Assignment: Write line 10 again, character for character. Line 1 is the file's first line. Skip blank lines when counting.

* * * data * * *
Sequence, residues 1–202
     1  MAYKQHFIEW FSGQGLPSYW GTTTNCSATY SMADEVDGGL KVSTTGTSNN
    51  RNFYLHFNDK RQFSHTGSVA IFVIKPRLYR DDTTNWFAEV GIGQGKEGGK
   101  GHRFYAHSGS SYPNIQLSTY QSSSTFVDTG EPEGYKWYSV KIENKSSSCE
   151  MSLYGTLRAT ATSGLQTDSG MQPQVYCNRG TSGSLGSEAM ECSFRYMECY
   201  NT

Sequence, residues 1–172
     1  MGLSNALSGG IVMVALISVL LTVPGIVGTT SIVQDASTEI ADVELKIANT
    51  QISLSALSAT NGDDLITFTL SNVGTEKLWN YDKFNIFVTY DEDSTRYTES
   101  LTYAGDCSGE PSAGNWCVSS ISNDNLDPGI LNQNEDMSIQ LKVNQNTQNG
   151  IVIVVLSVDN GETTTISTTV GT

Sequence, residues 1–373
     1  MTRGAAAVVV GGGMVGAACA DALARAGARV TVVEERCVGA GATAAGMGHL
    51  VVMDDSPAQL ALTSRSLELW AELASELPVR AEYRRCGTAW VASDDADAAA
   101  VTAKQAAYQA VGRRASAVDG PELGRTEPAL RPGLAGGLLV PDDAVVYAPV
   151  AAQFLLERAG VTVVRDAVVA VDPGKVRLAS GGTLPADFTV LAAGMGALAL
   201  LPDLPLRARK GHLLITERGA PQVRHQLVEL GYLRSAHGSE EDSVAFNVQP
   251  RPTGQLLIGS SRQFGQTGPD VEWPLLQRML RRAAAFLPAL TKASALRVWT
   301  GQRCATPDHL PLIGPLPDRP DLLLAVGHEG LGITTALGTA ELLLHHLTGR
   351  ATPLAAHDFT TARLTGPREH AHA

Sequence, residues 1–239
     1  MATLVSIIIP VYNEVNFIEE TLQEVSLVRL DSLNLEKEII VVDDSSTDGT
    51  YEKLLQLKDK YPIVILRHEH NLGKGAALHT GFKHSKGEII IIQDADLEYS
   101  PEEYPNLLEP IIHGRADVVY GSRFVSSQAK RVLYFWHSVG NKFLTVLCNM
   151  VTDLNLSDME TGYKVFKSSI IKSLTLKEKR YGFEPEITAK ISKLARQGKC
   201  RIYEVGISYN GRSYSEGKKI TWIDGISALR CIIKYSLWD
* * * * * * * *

   101  LTYAGDCSGE PSAGNWCVSS ISNDNLDPGI LNQNEDMSIQ LKVNQNTQNG